orlando-sally_potter.jpgOrlando, 1992

Nevertheless, it still fell to the independent cinemas to build audiences for the future through outreach and education programmes, that the commercial cinemas then benefited from. The Committee called on the Film Council to encourage commercial cinemas to engage in audience development programmes.

5. Festivals

The Committee called on the Film Council for greater support for film festivals and touring programmes. Often these are the only way for films that do not achieve commercial distribution to reach audiences. They need adequate support in order to be successful as box office income is not sufficient to cover the large costs involved in hiring and transporting prints internationally. The Committee called on the Film Council to re-establish the national film festival fund.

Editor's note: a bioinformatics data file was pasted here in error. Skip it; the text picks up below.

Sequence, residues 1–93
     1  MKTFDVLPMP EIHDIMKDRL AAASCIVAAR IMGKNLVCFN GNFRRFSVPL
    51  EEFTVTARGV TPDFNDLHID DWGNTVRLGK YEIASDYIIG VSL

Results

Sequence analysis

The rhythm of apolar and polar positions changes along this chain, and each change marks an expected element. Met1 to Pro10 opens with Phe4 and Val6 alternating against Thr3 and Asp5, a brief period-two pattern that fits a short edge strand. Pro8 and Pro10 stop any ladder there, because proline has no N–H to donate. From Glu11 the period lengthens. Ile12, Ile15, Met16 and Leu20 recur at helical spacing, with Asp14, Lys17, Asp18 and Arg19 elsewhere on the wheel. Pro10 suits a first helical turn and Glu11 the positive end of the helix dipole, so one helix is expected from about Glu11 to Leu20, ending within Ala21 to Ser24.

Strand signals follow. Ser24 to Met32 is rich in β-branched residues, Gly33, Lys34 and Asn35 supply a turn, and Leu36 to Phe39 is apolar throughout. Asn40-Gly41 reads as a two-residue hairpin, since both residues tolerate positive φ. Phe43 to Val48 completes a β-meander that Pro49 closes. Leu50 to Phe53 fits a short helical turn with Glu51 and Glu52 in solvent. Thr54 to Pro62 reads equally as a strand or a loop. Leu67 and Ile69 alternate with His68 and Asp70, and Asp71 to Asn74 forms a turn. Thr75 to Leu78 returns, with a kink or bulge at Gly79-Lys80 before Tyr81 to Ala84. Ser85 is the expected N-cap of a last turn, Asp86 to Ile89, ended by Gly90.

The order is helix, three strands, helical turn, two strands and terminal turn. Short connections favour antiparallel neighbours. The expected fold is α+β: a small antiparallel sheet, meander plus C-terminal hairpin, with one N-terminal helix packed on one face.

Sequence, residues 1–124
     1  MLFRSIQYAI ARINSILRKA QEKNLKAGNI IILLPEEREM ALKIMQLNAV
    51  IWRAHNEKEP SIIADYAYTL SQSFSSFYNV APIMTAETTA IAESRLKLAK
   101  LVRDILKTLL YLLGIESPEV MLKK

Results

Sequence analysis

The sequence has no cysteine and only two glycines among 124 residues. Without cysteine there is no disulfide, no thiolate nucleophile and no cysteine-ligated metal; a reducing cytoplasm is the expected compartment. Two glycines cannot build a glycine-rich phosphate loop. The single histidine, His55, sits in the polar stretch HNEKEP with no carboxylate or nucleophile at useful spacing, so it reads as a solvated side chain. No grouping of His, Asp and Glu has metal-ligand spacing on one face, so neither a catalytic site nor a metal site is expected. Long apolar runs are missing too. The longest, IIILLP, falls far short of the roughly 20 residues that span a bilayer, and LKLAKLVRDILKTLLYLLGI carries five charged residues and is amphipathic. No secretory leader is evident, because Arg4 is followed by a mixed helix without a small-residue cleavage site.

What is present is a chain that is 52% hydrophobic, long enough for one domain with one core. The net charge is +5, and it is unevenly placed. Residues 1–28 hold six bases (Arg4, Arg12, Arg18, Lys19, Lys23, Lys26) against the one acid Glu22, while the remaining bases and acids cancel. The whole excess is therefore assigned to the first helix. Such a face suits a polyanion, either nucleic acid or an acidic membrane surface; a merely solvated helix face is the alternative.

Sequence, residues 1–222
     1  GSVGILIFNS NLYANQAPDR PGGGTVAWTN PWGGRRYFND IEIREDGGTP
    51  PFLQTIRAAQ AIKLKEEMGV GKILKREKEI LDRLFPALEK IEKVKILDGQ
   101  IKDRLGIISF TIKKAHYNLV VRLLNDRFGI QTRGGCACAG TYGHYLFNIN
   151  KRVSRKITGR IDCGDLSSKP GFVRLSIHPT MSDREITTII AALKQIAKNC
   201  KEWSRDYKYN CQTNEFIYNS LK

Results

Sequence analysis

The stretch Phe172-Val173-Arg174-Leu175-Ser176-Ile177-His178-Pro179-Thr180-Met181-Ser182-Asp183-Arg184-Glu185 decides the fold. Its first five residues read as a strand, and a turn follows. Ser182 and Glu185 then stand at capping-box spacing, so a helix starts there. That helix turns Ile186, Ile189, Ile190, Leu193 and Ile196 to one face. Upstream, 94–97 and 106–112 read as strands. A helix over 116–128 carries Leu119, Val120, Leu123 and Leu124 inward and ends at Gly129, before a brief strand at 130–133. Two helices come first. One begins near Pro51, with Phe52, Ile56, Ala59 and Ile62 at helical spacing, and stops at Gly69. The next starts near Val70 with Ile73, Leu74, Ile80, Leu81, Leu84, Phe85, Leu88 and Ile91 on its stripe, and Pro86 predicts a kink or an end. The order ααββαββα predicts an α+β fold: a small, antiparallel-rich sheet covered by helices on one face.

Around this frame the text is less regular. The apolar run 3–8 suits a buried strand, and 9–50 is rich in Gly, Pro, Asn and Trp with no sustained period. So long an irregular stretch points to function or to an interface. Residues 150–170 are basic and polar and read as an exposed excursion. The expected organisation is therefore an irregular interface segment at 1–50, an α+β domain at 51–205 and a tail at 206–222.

There was a call for more initiatives to support children’s films and particularly children’s film festivals. Currently there is no children’s film festival in the south of England and few opportunities to see any children’s films other than those from Disney and DreamWorks.

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The Committee called for greater co-operation between UK film festivals and European festivals through the European co-ordination of film festivals, in order to explore international partnerships/initiatives.

6. Lobbying and advocacy

The Committee realised that, as well as continued lobbying of the Film Council and the DCMS, exhibitors and distributors need to apply pressure to local and regional bodies, including local authorities and Regional Development Agencies, in order for them to take seriously their responsibility for the development of new cinemas in their areas.

* The term ‘specialised film’ is used to mean art house or cultural film and is in line with the Film Council definition of specialised film, which includes world cinema; archive films; shorts; documentaries; culturally diverse films and so on.

Helen de Witt is the BFI Festivals Producer.